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Guest editorial

Guest editorial ILS 119,1/2 Assessing value and impact in academic libraries in the 21st century: personal perspectives and views from the Guest Editors This Editorial is specifically grounded in the Guest Editors’ personal views and experiences around value and impact assessment in academic libraries. For this reason, the choice has been made not to provide citations and context. This substantive and evidence-based approach will be found in the papers that make up this themed issue. The two Guest Editors of this themed issue started working in academic libraries in the late 1970s when the role of the library and the services provided were fairly self-evident. The library, situated symbolically at the centre of the campus and usually a standalone department, was widely accepted by managers, academics, researchers and students as being central to the support of academic and student activity. Online searching of remote databases was in its infancy and, even then, it was rare for the users to do the searching themselves. If the intention was to make full use of its services, the library building itself had to be visited. Library stock and services were visible – printed books and journals displayed on shelves, face-to-face enquiry services and all http://www.deepdyve.com/assets/images/DeepDyve-Logo-lg.png Information and Learning Science Emerald Publishing

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Publisher
Emerald Publishing
Copyright
Copyright © Emerald Group Publishing Limited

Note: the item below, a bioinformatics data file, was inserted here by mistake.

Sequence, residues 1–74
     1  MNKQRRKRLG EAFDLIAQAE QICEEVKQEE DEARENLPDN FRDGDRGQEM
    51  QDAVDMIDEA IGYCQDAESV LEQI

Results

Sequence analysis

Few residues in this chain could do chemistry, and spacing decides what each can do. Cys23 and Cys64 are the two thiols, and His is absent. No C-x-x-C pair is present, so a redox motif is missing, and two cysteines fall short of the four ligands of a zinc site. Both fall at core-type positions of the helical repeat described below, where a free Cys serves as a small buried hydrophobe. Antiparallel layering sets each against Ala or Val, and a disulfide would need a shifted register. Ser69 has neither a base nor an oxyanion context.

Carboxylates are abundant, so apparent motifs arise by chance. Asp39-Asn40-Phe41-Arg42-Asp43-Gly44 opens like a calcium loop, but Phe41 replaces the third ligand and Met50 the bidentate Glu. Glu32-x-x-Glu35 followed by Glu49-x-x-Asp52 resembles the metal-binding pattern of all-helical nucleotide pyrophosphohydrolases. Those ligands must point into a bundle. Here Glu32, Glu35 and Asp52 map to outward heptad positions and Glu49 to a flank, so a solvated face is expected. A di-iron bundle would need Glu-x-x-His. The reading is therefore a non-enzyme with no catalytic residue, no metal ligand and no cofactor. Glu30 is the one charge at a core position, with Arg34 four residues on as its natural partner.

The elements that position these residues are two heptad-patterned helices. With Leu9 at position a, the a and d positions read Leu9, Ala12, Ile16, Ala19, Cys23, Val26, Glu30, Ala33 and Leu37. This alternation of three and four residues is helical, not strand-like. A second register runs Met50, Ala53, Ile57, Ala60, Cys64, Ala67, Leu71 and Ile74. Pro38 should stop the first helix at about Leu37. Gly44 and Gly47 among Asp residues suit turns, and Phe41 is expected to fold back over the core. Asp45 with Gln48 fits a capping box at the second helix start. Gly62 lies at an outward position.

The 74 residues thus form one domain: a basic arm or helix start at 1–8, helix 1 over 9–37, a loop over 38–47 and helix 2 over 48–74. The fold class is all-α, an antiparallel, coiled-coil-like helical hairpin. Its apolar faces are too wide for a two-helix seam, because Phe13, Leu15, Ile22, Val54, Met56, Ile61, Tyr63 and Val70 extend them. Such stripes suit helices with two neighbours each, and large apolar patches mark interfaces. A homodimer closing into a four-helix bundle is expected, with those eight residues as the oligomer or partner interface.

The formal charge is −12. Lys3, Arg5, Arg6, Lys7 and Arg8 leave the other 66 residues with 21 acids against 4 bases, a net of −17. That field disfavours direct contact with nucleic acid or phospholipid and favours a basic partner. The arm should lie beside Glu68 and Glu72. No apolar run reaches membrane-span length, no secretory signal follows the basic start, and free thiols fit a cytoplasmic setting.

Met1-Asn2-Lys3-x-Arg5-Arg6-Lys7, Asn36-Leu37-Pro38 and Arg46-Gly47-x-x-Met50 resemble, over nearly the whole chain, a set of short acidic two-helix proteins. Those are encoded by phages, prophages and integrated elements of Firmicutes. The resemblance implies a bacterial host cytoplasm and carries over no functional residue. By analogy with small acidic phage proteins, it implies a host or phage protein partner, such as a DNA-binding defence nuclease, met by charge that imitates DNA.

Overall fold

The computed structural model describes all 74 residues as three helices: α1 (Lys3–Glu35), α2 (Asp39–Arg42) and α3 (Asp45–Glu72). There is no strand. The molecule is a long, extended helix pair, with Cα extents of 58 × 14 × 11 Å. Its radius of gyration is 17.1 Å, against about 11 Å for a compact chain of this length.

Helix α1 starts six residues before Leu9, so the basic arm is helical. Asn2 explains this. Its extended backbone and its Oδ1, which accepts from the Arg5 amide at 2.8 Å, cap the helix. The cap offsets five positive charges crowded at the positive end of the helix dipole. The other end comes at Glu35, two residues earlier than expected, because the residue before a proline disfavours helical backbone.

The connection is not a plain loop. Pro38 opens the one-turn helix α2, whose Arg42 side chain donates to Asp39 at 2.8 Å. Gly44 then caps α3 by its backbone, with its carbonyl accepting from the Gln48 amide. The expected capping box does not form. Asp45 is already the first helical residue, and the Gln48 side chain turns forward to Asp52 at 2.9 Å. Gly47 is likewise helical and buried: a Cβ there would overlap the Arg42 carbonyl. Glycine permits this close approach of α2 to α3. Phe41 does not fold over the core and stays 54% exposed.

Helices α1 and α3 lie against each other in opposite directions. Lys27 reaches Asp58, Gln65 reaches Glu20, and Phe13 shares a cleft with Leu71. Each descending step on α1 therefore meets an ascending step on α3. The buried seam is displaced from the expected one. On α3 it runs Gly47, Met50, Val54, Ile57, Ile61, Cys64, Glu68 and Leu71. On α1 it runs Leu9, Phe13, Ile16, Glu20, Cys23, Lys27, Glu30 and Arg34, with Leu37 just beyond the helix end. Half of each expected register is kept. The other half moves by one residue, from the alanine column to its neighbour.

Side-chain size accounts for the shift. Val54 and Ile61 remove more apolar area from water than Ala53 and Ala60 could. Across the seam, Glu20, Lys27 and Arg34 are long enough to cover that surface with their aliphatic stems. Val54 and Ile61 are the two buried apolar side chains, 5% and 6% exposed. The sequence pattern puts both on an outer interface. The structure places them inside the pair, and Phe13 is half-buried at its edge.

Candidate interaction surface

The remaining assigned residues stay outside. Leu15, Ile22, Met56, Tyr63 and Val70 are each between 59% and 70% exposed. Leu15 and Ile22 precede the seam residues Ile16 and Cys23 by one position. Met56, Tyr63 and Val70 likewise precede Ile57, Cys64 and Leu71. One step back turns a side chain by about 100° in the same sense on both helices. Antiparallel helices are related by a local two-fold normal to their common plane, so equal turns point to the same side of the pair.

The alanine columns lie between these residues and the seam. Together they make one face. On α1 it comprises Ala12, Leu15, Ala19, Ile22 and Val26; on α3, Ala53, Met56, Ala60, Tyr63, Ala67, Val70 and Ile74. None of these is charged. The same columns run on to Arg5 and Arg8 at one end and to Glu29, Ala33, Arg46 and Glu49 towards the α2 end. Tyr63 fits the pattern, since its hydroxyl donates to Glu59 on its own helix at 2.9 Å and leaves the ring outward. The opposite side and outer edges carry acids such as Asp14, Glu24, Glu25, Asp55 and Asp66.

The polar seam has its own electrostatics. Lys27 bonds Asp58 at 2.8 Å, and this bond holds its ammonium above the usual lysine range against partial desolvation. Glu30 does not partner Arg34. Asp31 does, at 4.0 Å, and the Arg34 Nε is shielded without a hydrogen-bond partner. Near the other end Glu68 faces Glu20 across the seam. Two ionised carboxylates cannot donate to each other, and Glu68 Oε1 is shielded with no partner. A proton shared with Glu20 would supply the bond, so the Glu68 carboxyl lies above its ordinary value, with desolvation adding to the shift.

ISSN
2398-5348
DOI
10.1108/ILS-12-2017-0131
Publisher site
See Article on Publisher Site

Abstract

ILS 119,1/2 Assessing value and impact in academic libraries in the 21st century: personal perspectives and views from the Guest Editors This Editorial is specifically grounded in the Guest Editors’ personal views and experiences around value and impact assessment in academic libraries. For this reason, the choice has been made not to provide citations and context. This substantive and evidence-based approach will be found in the papers that make up this themed issue. The two Guest Editors of this themed issue started working in academic libraries in the late 1970s when the role of the library and the services provided were fairly self-evident. The library, situated symbolically at the centre of the campus and usually a standalone department, was widely accepted by managers, academics, researchers and students as being central to the support of academic and student activity. Online searching of remote databases was in its infancy and, even then, it was rare for the users to do the searching themselves. If the intention was to make full use of its services, the library building itself had to be visited. Library stock and services were visible – printed books and journals displayed on shelves, face-to-face enquiry services and all

Journal

Information and Learning ScienceEmerald Publishing

Published: Jan 8, 2018

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